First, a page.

Jeanna Smialek at NYT:
American families shored up their savings substantially between 2016 and 2019, according to Federal Reserve data released on Monday, but wealth inequality remained stubbornly high — and that was before the coronavirus pandemic took hold.From a December 2019 CBO report:
Median net worth climbed by 18 percent in those three years, the Fed’s Survey of Consumer Finances showed, as median family income increased by 5 percent. The survey, which began in 1989, is released every three years and is the gold standard in data about the financial circumstances of households. It offers the most up-to-date and comprehensive snapshot of everything from savings to stock ownership across demographic groups.
The figures tell a story of improving personal finances fueled by income gains and rising home prices, the legacy of the longest U.S. economic expansion on record, one that had pushed the unemployment rate to a half-century low and bolstered wages for those earning the least. Yet many Americans had less in savings than they did before the last recession a decade ago and yawning gaps persisted — the share of wealth owned by the top 1 percent of households was still near a three-decade high.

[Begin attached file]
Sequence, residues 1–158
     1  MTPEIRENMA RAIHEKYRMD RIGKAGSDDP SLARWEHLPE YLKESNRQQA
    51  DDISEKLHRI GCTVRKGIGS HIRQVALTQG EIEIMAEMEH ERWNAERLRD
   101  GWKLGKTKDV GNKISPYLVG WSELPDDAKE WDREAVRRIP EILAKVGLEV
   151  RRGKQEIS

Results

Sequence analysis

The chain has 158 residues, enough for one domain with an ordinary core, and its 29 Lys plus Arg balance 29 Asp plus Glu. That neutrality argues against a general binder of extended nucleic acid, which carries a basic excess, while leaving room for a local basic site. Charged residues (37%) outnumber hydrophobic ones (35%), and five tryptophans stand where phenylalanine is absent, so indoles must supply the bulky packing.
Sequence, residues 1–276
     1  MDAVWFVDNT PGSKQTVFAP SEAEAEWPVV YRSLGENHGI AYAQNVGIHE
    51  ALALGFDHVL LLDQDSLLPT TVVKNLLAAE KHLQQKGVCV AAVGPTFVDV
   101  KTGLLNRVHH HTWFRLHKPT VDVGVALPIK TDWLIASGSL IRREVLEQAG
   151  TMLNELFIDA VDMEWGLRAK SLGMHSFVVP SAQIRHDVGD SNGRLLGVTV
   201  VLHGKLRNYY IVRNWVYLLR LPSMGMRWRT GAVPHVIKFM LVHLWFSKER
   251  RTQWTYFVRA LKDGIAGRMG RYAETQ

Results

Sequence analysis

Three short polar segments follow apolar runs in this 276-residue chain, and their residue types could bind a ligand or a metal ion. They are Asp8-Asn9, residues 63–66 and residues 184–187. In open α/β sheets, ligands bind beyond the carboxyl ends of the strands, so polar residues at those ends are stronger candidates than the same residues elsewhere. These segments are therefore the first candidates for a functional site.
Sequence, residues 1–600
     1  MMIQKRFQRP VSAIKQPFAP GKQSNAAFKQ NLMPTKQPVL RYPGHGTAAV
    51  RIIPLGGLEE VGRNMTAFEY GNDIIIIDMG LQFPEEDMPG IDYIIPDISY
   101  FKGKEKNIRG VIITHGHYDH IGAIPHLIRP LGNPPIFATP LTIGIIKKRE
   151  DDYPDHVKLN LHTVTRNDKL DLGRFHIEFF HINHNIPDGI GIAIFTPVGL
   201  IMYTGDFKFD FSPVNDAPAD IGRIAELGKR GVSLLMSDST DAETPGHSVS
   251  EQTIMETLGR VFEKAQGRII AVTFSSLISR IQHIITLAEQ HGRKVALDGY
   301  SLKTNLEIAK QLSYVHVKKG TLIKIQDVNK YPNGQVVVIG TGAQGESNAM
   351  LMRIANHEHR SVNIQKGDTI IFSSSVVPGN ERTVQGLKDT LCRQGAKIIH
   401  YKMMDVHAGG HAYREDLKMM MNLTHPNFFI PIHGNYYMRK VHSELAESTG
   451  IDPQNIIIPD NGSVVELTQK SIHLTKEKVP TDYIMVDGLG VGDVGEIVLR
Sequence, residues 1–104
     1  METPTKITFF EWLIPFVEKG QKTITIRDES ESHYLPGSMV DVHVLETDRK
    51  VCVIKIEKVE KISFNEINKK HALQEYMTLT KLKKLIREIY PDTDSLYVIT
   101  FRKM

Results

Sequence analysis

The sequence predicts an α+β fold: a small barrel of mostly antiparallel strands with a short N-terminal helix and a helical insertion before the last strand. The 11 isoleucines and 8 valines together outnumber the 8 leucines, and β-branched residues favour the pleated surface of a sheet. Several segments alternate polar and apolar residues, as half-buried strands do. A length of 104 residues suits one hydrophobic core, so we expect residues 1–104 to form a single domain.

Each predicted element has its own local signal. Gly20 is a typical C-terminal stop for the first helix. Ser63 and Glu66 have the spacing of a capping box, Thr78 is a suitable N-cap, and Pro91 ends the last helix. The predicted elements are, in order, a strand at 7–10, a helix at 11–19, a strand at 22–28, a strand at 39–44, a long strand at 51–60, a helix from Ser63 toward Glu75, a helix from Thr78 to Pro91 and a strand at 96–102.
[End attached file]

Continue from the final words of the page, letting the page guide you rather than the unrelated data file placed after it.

Nearly all of the data in the 2019 survey were collected before the onset of the coronavirus. Economists worry that progress for disadvantaged workers has probably reversed in recent months as the pandemic-related shutdowns threw millions of people out of work. The crisis has especially cost minority and less-educated employees, who are more likely to work in high-interaction jobs at restaurants, hotels and entertainment venues. Inequality appears to be poised to widen as lower earners fare the worst.
Average inflation-adjusted household income is projected to grow for all groups. Growth in average income—both before and after means-tested transfers and federal taxes are accounted for—is projected to be fastest for households in the highest quintile (or fifth) of the income distribution. Growth in income after transfers and taxes is more skewed toward higher-income households than is growth in income before transfers and taxes.